Driving crackdown leads to police chase and five arrests in Harrogate district
Roads Policing Group officers have seized 25 vehicles, arrested 11 people and reported more than 160 drivers and riders for motoring offences in North Yorkshire this month under an intensive new road safety operation.
Under Operation Boundary, specialist units are deployed en-mass to target specific roads in villages, towns, rural areas and key routes - and the Harrogate district took centre stage on Tuesday, April 13.
North Yorkshire Police says the aim is to reduce collisions by providing a high-profile police presence, and to enforce dangerous motoring offences such as uninsured driving, drink and drug driving, speeding, using a handheld mobile phone, unroadworthy vehicles, dangerous driving and not wearing a seatbelt.
The operation in Harrogate led to five arrests, two vehicles seized and a pursuit after one driver failed to stop.
Officers have also been out in Scarborough, Selby, Richmondshire, Craven and Rydale.
In all locations, traffic offence reports were issued by police for speeding, using a handheld mobile phone, dangerous overtakes, not wearing a seatbelt and similar offences which typically result in points on a driver’s licence and a fine.
Traffic Sergeant Pete Stringer, who is leading the operation, said: “The strong results we’ve seen over the past couple of weeks show how our roads are being used, and occasionally abused, as lockdown restrictions ease.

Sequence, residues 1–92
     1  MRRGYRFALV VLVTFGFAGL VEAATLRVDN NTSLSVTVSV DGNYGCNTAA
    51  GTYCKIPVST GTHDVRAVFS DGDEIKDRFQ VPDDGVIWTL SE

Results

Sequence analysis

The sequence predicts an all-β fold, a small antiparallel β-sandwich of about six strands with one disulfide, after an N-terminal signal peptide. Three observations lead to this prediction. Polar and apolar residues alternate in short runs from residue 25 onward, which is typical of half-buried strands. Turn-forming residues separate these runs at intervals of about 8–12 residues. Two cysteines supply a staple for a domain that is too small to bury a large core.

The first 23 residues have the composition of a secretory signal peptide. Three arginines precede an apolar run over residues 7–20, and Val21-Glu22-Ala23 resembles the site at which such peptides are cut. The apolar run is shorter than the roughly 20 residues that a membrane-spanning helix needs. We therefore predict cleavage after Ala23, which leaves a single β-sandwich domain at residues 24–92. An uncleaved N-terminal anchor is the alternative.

“We’re seeing much more traffic, particularly in scenic rural areas, and a small minority of road users who seem to think the rules don’t apply to them.
“Unfortunately for them, Operation Boundary allows us to focus a lot of specialist roads policing resources in areas where they are most effective. So we’re always one step ahead of anyone who uses the road illegally or unsafely.
“We’ve put deployed into villages and towns that experience a lot of motoring offences and worry that someone will be injured or killed in their community.
“We’ve had an extremely positive response from residents so far and we’re continuing to listen to their concerns so we can help keep their communities safe. I hope these results will give them further reassurance that we are taking a very robust approach and we will simply not tolerate North Yorkshire being used as a racetrack.”
Op Boundary will continue to run at various locations throughout the summer, when North Yorkshire’s roads are expected to become even busier as more lockdown restrictions ease.